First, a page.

By: Julia Paiva, SPECTRUM Writer
Many individuals develop phobias toward insects, whether it be the black widow spiders found in UTSC labs, or the pesky bugs lurking within cottages. But perhaps the most fearsome type of bugs are found at the microscopic level, the kind that are resilient against human interference– Superbugs. These dangerous forms of bacteria are resistant to available antibiotics, such as penicillin. Superbugs are widely studied, as they pose a serious threat to global health. But how can bacteria develop this resistance, and how do we minimize the odds of this happening within our body?
How do Antibiotics work?
Antibiotics target bacterial physiology along with their biochemical components. They can work in two ways: either by causing complete destruction of a microbial cell, or by major alterations of the cell structure that renders it incapable of reproduction (Wright, 2010). Antibiotics are unique to other treatments, in the sense that they incite an arms race between bacteria that evade destruction, and the researchers who predict the best ways to prevent this.
How Does Resistance Occur?
Resistance can develop through a few different pathways. Antibiotics act as a selection pressure, and if antibiotics are not taken to their recommended doses, bacteria with resistance are left to breed (Davies & Davies, 2010). Through numerous growth cycles, antibiotic resistant bacteria are established. It is for this reason that physicians and agricultural companies alike have been encouraged to curb the use of antibiotics (Davies & Davies, 2010). As students who might find ourselves feeling sick during exam times, this may be the reason why doctors are hesitant to prescribe antibiotics, especially during cold and flu prone seasons.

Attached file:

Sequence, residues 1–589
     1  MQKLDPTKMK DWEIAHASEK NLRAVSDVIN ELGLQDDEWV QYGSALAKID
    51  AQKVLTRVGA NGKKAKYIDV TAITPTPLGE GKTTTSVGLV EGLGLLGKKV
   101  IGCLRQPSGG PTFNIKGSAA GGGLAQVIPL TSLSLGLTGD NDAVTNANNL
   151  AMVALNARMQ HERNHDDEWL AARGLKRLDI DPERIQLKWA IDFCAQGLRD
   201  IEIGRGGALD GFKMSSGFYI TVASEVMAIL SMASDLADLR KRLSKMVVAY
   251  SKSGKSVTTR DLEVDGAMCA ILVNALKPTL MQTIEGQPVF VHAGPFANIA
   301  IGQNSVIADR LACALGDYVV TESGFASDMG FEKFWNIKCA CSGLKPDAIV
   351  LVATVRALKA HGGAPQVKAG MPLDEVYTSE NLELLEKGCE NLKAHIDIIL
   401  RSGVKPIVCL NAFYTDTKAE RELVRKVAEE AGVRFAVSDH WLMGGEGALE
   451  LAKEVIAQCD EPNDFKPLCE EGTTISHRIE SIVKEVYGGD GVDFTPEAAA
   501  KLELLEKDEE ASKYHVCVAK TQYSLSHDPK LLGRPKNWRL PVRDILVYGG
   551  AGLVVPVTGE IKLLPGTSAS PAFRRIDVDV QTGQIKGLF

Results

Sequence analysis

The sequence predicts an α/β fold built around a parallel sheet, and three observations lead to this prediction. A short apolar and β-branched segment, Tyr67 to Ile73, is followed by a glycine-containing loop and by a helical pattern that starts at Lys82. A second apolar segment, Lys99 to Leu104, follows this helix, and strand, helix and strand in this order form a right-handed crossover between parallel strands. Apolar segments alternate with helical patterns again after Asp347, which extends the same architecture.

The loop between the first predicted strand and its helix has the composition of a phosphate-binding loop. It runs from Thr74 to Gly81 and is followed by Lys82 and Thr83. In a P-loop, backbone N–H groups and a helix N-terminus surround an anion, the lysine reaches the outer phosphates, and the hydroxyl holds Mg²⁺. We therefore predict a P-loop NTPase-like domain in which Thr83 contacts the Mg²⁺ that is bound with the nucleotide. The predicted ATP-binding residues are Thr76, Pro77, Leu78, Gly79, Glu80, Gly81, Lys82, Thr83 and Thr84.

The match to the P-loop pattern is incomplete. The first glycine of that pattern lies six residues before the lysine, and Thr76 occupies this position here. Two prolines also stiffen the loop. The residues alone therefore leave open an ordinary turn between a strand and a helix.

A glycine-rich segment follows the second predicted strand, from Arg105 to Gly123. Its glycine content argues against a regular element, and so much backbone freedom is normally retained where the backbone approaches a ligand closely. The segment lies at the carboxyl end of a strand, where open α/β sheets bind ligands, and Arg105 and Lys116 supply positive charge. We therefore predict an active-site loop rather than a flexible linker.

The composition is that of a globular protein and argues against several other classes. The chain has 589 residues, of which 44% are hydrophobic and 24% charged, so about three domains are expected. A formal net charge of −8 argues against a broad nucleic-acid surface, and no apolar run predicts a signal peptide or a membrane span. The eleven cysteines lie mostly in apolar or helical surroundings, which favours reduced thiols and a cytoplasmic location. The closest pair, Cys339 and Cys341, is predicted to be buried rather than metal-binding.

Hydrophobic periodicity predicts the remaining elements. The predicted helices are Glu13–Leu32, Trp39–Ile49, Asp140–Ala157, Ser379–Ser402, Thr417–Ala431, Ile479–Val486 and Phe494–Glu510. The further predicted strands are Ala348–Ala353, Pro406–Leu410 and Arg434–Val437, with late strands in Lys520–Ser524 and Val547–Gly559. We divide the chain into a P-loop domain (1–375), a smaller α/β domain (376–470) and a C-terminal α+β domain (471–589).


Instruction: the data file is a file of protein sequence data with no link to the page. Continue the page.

Research Fighting Resistance
Antibiotics have had extremely positive effects since the creation of penicillin almost a century ago (Davies & Davies, 2010). Lives have been saved due to their creation, with penicillin being hailed as one of the most important discoveries in medicine. The complexity of this issue is why researchers have been striving to determine solutions to combat antibiotic resistance.
At Monash University, researchers have uncovered how a potentially deadly superbug Staphylococcus aureus known as “Golden Staph” eludes antibiotics. Advanced electron microscopes were used to observe the changes superbugs undergo to resist antibiotics, compared to non-resistant strains (Wright, 2010). The group discovered that the bacteria mutate, altering the shape of the molecule that antibiotics would normally bind to. With the altered conformation of the bacterial binding site, antibiotics would be unable to bind to the superbug, hence rendered useless.
Although researchers have not yet discovered a definite way to prevent the development of superbugs , understanding how and where these mutations occur is considered the first step in providing effective treatments to patients for many years to come.
Monash University. (2017, May 16). Key to ‘superbug’ antibiotic resistance discovered. ScienceDaily. Retrieved October 5, 2017 from www.sciencedaily.com/releases/2017/05/170516090825.htm
Davies, J., & Davies, D. (2010). Origins and evolution of antibiotic resistance. Microbiology and molecular biology reviews, 74(3), 417-433.
Wright, G. D. (2010). Q&A: Antibiotic resistance: where does it come from and what can we do about it?. BMC biology, 8(1), 123.